Julius Hirsch fought Japanese in the Aleutians and finally in Okinawa at war’s end
Julius Hirsch grew up in the Bronx and went to war almost a year before the Japanese bombed Pearl Harbor. He was a member of the 862nd Antiaircraft Artillery Battalion sent to the Aleutians when the Japanese invaded the barren islands off the Alaskan coast in 1942.
“As soon as World War II started our battalion was shipped from Texas to San Diego. We were going on to the Philippines. By the time we reached California the Japanese had already captured the Philippines,” the 96-year-old Port Charlotte, Fla. resident who lives in Kings Gate subdivision explained. “Since we were an antiaircraft battalion they decided San Diego needed protection from a potential Japanese bombing attack. We remained there almost a year.
“When we arrived in the Aleutians the weather was terrible—40 below every day. We landed on Attu, the western most island, 6,000 Japs were dug in waiting for us. When we left all but 26 had committed suicide or we had shot them.”
After running the Japanese off Attu and Kiska the 862nd retired to Kodiak where the troops spent the rest of their time living in barracks in better conditions.
“We left Alaska on Christmas Day 1943 and headed back to Seattle, Wash. From there it was on to Natchez, Miss. where I was given leave to go home and get married. When I returned to my post in Mississippi everyone in the 862nd began training to be combat engineers,” Hirsch said.
“The entire five years I was in the Army I was a corporal. The reason I didn’t get any higher rate than corporal was because only five men in our outfit lost their lives, so there was no advancement.
“I was standing in line on the dock in Seattle waiting to be shipped to Okinawa when my battalion commander came up to me and said, “I looked at your service record and notice you speak four or five languages. I put you in for a transfer to Europe because we need interpreters over there.’ He added that I didn’t have to go if I didn’t want to. I decided to stay with my buddies in what became the 1345 Combat Engineering Battalion headed for the Pacific.”
Besides English, Hirsch speaks German and Hungarian fluently, French well, and a little Italian. Born in Budapest, Hungary in 1914, he was the youngest son of royalty. His mother had been an Austrian-Hungarian countess before World War I when the empire collapsed. He and his older brother arrived in New York in 1929 in the first class section of an ocean liner. His mother, the countess, was waiting for them.
“Being royalty in this country didn’t mean much. It meant even less in the Army. I was just another corporal,” he recalled with a smile 70 years later.
“There was still a lot of fighting going on when we reached Okinawa aboard an LST (landing craft) in mid-July 1945. About 30 ships had sailed from Washington to Okinawa in convoy,” Hirsch said. “Our job as combat engineers was to repair the runway on the north end of the island after the Japs bomb it. Four or five times a week they would crater the runway. The bad part was the enemy would come out of their holes and caves and shoot at us while we were doing the repairs. There was no place to hide from the Japanese fire except behind one of our trucks or tractors.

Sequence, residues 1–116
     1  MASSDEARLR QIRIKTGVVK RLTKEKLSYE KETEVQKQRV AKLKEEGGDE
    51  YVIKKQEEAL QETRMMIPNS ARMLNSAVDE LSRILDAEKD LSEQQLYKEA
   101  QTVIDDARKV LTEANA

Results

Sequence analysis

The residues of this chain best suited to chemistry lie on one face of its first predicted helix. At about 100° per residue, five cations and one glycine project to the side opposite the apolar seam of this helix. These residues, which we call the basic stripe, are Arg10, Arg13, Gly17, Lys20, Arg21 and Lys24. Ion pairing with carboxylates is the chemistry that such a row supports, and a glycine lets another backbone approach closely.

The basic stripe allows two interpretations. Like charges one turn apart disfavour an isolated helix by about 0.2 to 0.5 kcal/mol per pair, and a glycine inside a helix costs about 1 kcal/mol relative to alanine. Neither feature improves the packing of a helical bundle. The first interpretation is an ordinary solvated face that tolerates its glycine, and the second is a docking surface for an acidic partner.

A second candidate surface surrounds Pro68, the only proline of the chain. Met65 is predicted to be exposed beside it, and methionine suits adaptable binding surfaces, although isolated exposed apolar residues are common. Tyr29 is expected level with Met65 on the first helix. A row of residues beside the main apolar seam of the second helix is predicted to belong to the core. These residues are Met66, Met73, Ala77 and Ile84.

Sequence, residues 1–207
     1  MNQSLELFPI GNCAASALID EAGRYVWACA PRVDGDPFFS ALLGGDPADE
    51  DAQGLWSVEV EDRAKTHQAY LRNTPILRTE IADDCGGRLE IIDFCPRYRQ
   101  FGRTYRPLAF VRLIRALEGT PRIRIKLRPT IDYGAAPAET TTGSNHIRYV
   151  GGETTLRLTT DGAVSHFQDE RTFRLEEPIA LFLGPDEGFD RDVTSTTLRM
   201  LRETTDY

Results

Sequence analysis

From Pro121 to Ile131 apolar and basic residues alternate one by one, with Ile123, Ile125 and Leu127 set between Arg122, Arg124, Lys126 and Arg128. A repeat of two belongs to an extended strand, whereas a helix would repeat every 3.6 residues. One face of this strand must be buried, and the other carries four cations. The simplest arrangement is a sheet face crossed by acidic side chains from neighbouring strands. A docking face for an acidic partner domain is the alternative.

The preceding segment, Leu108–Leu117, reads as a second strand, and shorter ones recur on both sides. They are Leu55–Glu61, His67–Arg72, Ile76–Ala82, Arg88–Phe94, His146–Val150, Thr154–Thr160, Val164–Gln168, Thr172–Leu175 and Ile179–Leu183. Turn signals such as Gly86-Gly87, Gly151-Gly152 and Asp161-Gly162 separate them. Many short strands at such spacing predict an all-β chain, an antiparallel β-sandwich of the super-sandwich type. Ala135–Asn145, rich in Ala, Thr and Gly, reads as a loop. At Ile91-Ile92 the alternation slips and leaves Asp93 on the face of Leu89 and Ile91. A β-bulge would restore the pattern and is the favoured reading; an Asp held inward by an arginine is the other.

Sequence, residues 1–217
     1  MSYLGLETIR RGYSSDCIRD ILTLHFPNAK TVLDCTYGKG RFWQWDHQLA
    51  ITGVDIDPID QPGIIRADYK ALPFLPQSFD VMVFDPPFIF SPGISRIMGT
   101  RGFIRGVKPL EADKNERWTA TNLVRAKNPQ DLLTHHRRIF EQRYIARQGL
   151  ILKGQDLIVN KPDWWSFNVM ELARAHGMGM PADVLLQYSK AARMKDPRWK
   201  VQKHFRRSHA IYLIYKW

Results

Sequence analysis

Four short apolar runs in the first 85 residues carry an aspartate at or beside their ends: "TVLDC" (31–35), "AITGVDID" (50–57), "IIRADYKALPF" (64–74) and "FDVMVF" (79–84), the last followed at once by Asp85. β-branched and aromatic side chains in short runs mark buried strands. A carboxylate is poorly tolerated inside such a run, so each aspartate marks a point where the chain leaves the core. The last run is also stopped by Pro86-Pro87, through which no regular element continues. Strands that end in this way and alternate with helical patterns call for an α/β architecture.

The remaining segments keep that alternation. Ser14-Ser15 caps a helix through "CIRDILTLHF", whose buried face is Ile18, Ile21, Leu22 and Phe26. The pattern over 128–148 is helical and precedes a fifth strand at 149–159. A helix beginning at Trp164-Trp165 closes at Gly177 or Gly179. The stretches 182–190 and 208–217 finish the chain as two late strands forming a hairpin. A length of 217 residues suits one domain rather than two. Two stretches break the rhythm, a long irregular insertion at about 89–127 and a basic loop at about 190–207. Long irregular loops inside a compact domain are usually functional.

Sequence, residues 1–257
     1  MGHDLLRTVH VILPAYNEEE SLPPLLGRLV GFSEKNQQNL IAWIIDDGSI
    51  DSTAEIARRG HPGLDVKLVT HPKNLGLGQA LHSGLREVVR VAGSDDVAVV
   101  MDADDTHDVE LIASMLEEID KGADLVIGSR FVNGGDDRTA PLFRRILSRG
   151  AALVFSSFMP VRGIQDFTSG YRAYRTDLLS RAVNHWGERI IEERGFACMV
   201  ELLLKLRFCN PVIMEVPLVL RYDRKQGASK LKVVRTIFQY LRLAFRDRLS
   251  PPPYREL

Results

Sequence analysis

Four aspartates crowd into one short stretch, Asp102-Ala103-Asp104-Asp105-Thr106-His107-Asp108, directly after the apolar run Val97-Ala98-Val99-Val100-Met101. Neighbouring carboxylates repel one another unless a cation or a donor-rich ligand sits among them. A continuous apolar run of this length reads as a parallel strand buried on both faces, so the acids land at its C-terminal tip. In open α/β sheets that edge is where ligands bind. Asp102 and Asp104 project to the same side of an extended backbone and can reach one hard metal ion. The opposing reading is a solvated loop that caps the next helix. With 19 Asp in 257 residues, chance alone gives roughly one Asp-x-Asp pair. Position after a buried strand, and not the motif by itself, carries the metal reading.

“The infantry would come in and kill all the Japs in our area and then we’d be okay for a while. But by the next day they’d be back opening up on us all over again. This went on until the Japanese surrendered on Sept.2, 1945.
“When they surrendered I was running the battalion motor pool. I had sent several trucks out to collect beach sand to fill in some of the bomb craters caused by Japanese attacks. It was late and they hadn’t returned so I took my Jeep and walkie-talkie and went looking for them,” Hirsch said.
“I found them on the beach collecting sand. As we were standing there all of the guns aboard every ship off shore started firing. Everything was firing—big guns, little gun, machine-guns,” he remembered. “I said to the boys driving my trucks, ‘The Japs must be coming in to take the island back. Let’s get back to headquarters and see what’s going on.’ I called in on my walkie-talkie and found out the Japs had just surrendered!
“It was the absolute best news we could get. Everybody was celebrating and raising hell.”
Hirsch and the men of the 1345th Combat Engineering Battalion didn’t go home right away because they lacked the necessary points to make it back to the USA. They spent the next three months waiting. While they did they experienced three major typhoons that battered the 70 mile-long Pacific island.
“The last storm was the biggest and the worst. We lived in six-man tents. As part of our work as a construction battalion we built storage buildings for the equipment and supplies. The third typhoon completely destroyed the warehouses along with three big seaplanes that were anchored off the beach for lack of pilots.”
“During the storm all six of us who lived in the one tent spent 25 hours trying to keep the typhoon from blowing it away. If it blew away we did, too,” he said. “We lost very few people in the storm and I didn’t think any of the native Okinawan’s were killed either.”